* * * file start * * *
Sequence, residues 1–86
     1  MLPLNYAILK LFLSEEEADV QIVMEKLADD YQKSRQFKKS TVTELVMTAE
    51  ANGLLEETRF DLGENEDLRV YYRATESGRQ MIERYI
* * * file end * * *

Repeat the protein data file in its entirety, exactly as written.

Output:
Sequence, residues 1–86
     1  MLPLNYAILK LFLSEEEADV QIVMEKLADD YQKSRQFKKS TVTELVMTAE
    51  ANGLLEETRF DLGENEDLRV YYRATESGRQ MIERYI